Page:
The evidence she assesses on whether Assange requires punishment is deemed self-evident; the evidence comes from a source that need not be questioned. Vinograd exudes the confidence of one clutching to the inside of the establishment, and one with lapels suggesting patriot and defender of state. An Assange-like figure is bound to not merely be poison making its way to the vestal virgins; it is a figure to be extirpated.

In casting her own eye over the list of expanded charges against Assange, has taken the allegations against him of espionage to be factual. But she does so by attempting to repudiate his credentials as a publisher and journalist. “If anyone is making the [sic] Assange is a free speech champion, read paragraph 36,” she intones. “He knowingly endangered the lives of journalists, religious leaders, human rights advocates, and political dissidents and did incredible harm to all our security.” This devious interpretation on the part of the drafters has the purpose of demonising Assange – self-interested, maniacal, even sociopathic, they imply – while tagging, at the end, the only issue that concerns the US security apparatus: the fictional endangering of US national security. Absent here are observations and studies by the Pentagon which claimed on several occasions that there was little in way of evidence that lives had been compromised in the leak.

The same goes for former FBI types who see the accumulating dossier against Assange as an incriminating tissue of evidence. The issue here was pre-determined; it is shut and done. There is no broader philosophical point, because the only point that matters is realpolitik and the beating heart of the secretly minded patriot. Curiously enough, the distinction between liberal and conservative, Democrat and Republican, ceases to exist in such circles. We are left with the operating rationale of the big bad NSS, decked out in all its nasty, modern tinsel.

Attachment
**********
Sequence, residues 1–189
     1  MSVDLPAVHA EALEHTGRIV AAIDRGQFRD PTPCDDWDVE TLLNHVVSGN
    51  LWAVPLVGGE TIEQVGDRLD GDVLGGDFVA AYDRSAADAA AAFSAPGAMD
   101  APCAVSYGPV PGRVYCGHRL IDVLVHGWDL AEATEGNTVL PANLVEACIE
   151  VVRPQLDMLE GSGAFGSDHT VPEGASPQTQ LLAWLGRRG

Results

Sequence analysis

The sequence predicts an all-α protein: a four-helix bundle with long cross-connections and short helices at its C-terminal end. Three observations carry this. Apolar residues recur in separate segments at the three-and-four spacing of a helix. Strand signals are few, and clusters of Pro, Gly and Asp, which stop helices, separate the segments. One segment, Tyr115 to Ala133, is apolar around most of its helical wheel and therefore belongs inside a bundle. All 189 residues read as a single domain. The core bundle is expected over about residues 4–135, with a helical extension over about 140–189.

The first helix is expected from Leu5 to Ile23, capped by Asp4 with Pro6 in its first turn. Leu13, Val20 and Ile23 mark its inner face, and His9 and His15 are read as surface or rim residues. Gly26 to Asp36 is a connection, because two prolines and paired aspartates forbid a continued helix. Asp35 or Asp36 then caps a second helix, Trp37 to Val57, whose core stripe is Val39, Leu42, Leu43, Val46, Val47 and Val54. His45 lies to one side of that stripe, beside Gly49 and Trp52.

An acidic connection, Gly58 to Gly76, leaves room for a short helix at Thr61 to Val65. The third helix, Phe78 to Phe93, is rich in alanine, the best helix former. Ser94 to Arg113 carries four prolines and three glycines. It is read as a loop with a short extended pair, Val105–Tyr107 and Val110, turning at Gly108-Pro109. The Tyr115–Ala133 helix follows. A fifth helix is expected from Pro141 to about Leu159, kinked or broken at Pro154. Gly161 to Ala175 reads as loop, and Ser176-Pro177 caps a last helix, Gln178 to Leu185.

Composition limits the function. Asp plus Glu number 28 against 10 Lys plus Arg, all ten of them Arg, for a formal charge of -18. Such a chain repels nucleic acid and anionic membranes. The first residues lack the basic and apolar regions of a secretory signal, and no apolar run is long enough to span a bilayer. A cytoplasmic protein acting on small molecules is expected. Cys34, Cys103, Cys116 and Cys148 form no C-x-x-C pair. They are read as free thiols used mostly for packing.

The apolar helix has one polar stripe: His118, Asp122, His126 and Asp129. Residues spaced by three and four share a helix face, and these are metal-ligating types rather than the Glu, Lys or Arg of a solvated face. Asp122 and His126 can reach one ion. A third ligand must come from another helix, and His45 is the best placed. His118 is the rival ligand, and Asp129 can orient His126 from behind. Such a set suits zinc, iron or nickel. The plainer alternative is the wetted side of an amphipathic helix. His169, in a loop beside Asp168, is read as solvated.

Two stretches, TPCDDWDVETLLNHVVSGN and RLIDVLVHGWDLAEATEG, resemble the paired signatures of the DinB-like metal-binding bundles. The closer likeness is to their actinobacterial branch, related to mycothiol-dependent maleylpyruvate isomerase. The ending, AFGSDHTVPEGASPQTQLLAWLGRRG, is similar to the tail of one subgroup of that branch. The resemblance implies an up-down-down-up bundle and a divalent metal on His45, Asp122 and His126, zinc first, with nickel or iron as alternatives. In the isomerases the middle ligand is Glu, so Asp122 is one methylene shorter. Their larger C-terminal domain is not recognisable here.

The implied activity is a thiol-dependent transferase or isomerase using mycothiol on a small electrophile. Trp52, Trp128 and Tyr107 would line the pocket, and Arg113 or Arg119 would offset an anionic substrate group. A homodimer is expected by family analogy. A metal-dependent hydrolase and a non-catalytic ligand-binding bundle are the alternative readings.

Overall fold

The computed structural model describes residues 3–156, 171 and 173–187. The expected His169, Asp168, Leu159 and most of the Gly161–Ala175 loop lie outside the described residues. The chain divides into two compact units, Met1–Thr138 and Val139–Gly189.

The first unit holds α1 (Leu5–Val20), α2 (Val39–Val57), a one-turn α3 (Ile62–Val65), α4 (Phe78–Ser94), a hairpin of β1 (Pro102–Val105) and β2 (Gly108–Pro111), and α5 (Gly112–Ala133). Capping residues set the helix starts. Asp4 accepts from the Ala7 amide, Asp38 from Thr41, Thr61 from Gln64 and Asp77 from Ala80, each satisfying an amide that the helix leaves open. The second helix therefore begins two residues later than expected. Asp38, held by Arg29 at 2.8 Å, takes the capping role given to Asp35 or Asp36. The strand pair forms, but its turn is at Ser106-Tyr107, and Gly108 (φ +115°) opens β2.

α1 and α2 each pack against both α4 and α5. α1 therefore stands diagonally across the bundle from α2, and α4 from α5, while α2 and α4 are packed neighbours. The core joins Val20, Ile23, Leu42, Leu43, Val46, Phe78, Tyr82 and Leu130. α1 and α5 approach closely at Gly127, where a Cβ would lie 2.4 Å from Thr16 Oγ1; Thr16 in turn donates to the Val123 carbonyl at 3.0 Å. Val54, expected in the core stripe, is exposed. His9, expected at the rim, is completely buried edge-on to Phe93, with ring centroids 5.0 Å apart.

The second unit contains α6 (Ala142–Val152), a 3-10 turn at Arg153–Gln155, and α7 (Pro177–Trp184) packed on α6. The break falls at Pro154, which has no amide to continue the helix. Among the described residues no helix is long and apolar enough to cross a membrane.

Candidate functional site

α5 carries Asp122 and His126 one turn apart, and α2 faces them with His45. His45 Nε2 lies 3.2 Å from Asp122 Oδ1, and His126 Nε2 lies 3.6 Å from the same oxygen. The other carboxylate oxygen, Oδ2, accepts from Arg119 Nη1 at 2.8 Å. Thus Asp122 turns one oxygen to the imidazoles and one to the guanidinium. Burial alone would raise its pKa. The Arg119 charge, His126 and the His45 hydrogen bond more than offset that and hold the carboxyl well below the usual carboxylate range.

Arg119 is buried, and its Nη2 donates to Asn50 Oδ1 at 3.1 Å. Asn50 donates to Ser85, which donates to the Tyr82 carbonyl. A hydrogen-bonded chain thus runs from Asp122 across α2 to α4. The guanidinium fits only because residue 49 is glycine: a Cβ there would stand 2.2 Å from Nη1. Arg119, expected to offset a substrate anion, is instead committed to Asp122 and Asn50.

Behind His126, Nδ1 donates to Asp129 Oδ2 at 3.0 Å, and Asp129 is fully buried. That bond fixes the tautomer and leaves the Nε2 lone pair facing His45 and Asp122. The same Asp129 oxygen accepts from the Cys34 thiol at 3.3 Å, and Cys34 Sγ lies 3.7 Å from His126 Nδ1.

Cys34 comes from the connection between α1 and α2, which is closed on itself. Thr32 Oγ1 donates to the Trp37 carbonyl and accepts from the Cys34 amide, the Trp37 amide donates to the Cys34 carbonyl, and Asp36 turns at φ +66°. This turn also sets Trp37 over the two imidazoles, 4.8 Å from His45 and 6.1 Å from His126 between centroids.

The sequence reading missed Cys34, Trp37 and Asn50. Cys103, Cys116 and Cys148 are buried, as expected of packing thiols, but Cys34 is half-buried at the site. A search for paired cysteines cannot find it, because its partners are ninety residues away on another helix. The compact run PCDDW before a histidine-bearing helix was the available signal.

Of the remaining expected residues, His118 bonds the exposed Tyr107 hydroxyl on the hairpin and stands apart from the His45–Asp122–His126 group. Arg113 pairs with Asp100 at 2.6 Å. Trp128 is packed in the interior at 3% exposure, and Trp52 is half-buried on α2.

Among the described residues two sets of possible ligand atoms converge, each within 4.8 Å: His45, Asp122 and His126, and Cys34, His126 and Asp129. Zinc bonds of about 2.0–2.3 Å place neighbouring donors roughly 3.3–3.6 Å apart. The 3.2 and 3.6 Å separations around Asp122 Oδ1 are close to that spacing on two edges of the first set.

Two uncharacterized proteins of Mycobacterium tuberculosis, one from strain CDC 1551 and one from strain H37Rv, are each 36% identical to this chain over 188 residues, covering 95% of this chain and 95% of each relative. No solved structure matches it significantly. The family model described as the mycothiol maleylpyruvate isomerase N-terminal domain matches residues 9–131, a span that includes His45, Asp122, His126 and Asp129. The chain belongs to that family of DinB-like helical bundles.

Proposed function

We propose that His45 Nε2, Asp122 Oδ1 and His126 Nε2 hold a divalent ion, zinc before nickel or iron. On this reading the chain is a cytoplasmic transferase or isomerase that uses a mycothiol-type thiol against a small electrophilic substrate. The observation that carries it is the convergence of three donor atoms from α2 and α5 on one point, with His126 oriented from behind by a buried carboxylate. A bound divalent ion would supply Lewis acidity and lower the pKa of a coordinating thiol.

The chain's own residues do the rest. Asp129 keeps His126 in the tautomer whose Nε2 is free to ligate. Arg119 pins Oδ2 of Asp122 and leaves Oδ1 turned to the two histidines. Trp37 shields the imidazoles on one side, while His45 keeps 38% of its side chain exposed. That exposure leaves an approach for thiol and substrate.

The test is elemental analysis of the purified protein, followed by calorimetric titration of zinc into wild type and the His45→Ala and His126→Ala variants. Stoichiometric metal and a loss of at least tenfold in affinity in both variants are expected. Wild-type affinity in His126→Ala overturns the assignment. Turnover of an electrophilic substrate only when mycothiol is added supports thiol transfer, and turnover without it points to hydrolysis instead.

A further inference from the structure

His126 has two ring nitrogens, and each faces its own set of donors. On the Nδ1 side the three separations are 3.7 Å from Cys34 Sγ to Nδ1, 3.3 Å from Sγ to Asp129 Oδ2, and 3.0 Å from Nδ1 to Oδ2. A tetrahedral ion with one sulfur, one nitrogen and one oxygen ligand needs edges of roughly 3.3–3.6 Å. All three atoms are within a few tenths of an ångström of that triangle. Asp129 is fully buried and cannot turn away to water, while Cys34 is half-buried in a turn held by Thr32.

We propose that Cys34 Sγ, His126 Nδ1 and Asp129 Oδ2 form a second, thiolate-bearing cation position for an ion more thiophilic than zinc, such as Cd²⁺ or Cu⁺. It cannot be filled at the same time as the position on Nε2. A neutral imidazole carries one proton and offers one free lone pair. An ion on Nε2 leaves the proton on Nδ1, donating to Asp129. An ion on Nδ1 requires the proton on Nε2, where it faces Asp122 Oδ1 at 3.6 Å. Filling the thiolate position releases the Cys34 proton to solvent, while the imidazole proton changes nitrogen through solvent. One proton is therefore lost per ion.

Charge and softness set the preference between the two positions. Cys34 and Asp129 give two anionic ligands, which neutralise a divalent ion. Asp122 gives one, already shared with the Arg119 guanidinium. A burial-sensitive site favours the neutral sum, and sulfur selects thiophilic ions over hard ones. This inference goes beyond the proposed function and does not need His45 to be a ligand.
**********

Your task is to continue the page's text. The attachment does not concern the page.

Asha Rangappa, former FBI “special agent” and editor at Just Security, is one of the NSS’s glorified commentators, even if much of her strategy lies in cringeworthy self-advertising. She was drooling with a certain social media imbecility at the news that an 18-count superseding indictment against Assange had been issued by the Department of Justice. “Awwwww yeah,” came her remark on Twitter. Don the gloves; go into action: Team America needs you.

Rangappa is a wonderful illustration of a corrupted type of journalist cum commentator, one conscious of a cop culture that is celebrated rather than questioned, paraded rather than critiqued. She is even featured in Elle Magazine, with a slush-filled gooey tribute from Sylvie McNamara. “I’m at Asha Rangappa’s dinner table because, for the past few years, her commentary on CNN and Twitter has helped hundreds of thousands of people understand the news.”

If a certain type of blinkered understanding is what you are out for, then she is your glamorous source. She was keen on putting away “bad guys”; she “rooted for the United States to beat the Soviet Union in the Olympics”; she acknowledges who “we had to fight for our values”. McNamara is won over, and hardly one to question. “Rangappa knows from previous experience how the FBI handles Russian spies and disinformation; add to the mix her professional skill at explaining complex ideas, and she is ideally positioned to break down the bewildering political events in recent years.” If you consciously avoid or fail to spot the inauthenticity in any of that, then you are well on the way to joining the National Security Club.

 

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Binoy Kampmark was a Commonwealth Scholar at Selwyn College, Cambridge. He lectures at RMIT University, Melbourne. Email: bkampmark@gmail.com